By MH Staff - Posted on 17th January 2014
Still starting your morning with that boring bowl of cereal? Wake up to fresh ideas on ways to fuel your day.
If you believe that ordering an egg-white omelette is a sign of nutritional virtue, your thinking is definitely scrambled. Emerging science shows that eating whole eggs actually reduces your risk factors for heart disease. A 2012 University of Connecticut study had volunteers eat either three whole eggs a day or the equivalent amount in yolk-free egg substitute for three months while following a diet with a moderate number of carbs. Both groups showed drops in triglycerides and oxidised LDL (bad) cholesterol, two risk factors for heart disease. What’s more, those eating the whole eggs saw a bigger boost in their HDL, which helps lower cholesterol. “Egg yolks seem to increase the amount of cholesterol delivered to the liver for removal from the body,” says study author Dr Maria Luz Fernandez. Besides, yolks are loaded with vitamin D, vitamin B12, selenium and choline. And the extra protein will silence your hunger. A study in Nutrition Research found that men who ate an egg-based breakfast consumed far fewer kilojoules when offered an unlimited lunch buffet, compared with men who ate a bread-based breakfast of equal kilojoules. TRY THIS: Don’t save eggs for your leisurely weekend brunch. “Men can reap a range of health benefits by consuming one to three eggs a day,” says Alan Aragon, a nutrition advisor. An egg is high in protein, vitamin B12, and biotin and can be a source of vitamin D, vitamin B2, choline, selenium, iodine, lutein and zeaxanthin, notes Megan Pentz-Kluyts registered dietician. “It is also said that the vitamin D content of eggs may help to support general health in overweight people since vitamin D levels are known to be low in this group, leading to an increased risk of diabetes and heart disease.”
Hemp, chia and flaxseed may sound boring but they pack a potent array of benefits – and breakfast is the ideal time to work them into your diet. Since they’re mild tasting and slightly crunchy, they can slip unobtrusively into a range of morning meals. “A daily tablespoon or two of flaxseed, chia seeds or hemp seeds is an easy way to boost your intake of heart-healthy nutrients,” says Aragon. Choose chia or ground flaxseed for an extra dose of dietary fibre. (Bonus: flaxseed also contains lignans, a class of disease-fighting antioxidants.) Or try hemp seeds, among the few plant-based sources of complete protein. TRY THIS: Stir 1 to 2 tablespoons of flaxseed, chia seeds or hemp seeds into a bowl of oats or yoghurt, or blend a serving into a smoothie.
Still think a low-fat breakfast is a healthy one? In a new, five-year observational study published in the New England Journal of Medicine, Spanish researchers found that a Mediterranean diet including extra-virgin olive oil or tree nuts reduced the risk of heart attack and stroke by 30%, compared with a control group that followed a traditional low-fat diet. “The olive oil and nuts supply polyphenols and vitamins that fight inflammation,” says study author Dr Miguel Angel Martínez-González, professor in the department of preventive medicine and public health at the University of Navarra in Spain. TRY THIS: Start your day on the Mediterranean diet with some tree nuts like almonds, hazelnuts, pecans, pistachios and walnuts as part of your breakfast. Try a bowl of oats or oat bran topped with fruit and chopped walnuts, milk and a drizzle of honey. Or a bowl of low GI muesli, topped with yoghurt, seasonal fresh fruit and a handful of mixed tree nuts. If you have time, scramble eggs with salmon and your choice of chopped fresh herbs on a toasted ciabatta topped off with a drizzle of extra-virgin olive oil.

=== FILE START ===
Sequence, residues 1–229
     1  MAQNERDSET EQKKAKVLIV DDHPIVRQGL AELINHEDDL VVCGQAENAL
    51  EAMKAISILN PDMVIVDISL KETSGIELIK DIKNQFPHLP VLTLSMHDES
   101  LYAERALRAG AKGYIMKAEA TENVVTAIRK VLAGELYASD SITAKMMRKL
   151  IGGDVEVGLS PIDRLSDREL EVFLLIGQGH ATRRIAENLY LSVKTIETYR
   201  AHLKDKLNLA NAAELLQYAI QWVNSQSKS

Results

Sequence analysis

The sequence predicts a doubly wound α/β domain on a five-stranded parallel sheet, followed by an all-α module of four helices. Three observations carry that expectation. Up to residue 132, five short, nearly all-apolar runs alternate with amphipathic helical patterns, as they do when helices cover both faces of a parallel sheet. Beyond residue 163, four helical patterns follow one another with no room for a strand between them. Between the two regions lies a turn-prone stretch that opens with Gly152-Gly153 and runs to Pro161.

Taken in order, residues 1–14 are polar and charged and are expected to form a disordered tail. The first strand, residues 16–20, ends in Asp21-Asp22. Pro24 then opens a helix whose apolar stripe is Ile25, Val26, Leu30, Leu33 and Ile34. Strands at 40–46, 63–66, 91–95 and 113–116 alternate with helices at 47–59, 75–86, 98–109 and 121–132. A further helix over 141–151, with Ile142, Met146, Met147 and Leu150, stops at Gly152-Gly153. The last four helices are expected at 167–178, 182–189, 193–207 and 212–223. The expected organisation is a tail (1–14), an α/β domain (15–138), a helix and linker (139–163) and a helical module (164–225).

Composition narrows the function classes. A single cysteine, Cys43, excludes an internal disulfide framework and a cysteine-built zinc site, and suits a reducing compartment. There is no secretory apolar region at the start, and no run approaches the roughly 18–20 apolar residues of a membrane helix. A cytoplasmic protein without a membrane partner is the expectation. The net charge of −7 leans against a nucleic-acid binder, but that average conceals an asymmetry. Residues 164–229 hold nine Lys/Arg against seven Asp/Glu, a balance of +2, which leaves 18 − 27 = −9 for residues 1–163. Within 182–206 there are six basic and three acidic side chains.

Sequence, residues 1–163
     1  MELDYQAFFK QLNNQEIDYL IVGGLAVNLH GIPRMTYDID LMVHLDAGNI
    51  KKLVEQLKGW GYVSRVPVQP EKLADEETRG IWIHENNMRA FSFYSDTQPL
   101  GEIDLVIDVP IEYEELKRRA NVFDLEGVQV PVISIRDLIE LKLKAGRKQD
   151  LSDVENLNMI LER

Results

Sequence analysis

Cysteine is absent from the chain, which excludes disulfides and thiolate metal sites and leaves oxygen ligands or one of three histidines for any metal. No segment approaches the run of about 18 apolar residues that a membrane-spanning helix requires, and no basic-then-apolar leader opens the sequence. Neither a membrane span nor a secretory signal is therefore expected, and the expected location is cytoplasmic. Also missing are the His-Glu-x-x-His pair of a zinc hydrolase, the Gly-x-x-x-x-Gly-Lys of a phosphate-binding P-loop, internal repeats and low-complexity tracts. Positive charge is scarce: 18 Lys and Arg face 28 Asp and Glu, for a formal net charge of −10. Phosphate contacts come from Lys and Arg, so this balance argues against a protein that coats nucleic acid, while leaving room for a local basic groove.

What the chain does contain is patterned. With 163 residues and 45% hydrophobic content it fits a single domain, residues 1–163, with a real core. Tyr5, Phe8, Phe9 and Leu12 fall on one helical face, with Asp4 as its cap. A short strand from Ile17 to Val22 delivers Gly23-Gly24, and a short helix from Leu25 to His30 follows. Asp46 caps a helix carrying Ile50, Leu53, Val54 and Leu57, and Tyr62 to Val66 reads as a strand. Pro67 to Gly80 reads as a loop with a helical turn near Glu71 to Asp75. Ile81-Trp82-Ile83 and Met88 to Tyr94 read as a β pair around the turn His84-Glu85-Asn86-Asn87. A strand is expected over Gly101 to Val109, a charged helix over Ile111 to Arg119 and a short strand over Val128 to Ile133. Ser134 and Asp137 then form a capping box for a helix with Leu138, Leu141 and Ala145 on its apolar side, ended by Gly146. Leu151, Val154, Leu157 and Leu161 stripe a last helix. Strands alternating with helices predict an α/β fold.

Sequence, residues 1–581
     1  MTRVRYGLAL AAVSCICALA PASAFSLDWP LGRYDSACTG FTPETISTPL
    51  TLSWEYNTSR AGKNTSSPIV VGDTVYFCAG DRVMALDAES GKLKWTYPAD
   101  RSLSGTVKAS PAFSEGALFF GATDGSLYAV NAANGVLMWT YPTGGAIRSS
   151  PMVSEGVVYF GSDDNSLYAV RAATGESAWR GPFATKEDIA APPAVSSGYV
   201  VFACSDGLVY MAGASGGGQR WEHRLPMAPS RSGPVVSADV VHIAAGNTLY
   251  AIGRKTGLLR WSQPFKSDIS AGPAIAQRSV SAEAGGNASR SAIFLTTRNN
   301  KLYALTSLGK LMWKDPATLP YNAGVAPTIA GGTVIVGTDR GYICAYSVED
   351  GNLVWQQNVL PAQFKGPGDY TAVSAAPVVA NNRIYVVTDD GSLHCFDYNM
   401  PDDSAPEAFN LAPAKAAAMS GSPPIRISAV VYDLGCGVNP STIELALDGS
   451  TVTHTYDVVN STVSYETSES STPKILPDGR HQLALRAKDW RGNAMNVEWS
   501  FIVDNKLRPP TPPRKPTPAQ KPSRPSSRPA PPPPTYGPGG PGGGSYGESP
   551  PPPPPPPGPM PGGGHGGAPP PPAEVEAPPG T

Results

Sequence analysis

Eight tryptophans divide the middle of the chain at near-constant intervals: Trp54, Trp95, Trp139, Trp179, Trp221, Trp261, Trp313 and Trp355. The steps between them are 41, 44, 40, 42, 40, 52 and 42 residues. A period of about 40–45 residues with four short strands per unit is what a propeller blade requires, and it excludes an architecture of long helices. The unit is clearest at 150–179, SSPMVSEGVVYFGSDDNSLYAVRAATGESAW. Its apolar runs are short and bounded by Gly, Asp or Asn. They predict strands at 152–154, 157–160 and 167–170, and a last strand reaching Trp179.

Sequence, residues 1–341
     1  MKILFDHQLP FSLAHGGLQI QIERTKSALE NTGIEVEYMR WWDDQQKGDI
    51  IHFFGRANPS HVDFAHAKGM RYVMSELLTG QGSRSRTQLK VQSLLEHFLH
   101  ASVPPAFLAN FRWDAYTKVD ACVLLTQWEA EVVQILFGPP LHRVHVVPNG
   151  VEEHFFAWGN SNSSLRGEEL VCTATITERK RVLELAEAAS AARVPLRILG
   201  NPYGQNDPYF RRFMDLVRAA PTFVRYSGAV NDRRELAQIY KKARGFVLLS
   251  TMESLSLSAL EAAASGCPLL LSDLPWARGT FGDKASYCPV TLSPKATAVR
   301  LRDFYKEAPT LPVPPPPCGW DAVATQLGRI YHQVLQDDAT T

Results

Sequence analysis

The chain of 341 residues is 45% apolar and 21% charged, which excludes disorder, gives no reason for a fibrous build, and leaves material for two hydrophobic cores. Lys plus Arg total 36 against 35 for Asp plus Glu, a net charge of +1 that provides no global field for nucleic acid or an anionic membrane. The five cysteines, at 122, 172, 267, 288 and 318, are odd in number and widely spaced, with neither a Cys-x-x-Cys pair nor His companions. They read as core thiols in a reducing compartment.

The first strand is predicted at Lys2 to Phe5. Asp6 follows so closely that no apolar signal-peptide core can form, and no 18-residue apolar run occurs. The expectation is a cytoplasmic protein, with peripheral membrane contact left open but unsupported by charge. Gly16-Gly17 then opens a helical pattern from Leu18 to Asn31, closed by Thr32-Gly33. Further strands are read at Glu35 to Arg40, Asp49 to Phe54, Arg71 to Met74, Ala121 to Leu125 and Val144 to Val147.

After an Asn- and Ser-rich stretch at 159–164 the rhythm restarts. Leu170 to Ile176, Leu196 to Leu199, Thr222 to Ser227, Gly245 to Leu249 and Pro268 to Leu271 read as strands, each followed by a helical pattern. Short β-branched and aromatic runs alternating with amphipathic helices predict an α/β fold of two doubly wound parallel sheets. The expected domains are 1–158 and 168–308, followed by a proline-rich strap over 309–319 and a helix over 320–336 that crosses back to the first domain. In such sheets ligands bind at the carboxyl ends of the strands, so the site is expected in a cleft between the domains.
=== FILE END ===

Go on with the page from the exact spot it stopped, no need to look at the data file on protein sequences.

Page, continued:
Not all grains are created equal. Take a cue from the Scandinavians and make foods rich in rye a part of your breakfast arsenal. Rye crisps on average have double the amount of fibre as wholewheat bread but often have fewer kilojoules. TRY THIS: Layer crisps or crackers, like Wasa or Finn Crisps with protein-rich toppings.
You probably already know that sugary cereal and a tall glass of juice aren’t your best choices to start the morning. But even healthy carbs are better later in the day. In a groundbreaking study, Israeli researchers assigned adults to follow either a diet that provided most of their carbohydrates at dinner or a diet with carbs spread throughout the day, including at breakfast. After six months, the late-day-carb group lost more weight and improved their cholesterol levels, blood sugar and inflammation levels – all good news for your heart. “Most men should shoot for at least a two-to-one carb-to-protein ratio at breakfast,” measured in grams, says Brian Zehetner, chief science officer for Anytime Fitness. TRY THIS: Replace your morning bowl of oats with a bowl of Greek-style yoghurt. Plain yoghurt is an ideal way to get your breakfast protein fix with few tag-a-long carbohydrate kilojoules. Top your yoghurt with fresh fruit, nuts, nut butters and spices rather than relying on sugar-packed, sickly sweet fruit- flavoured varieties.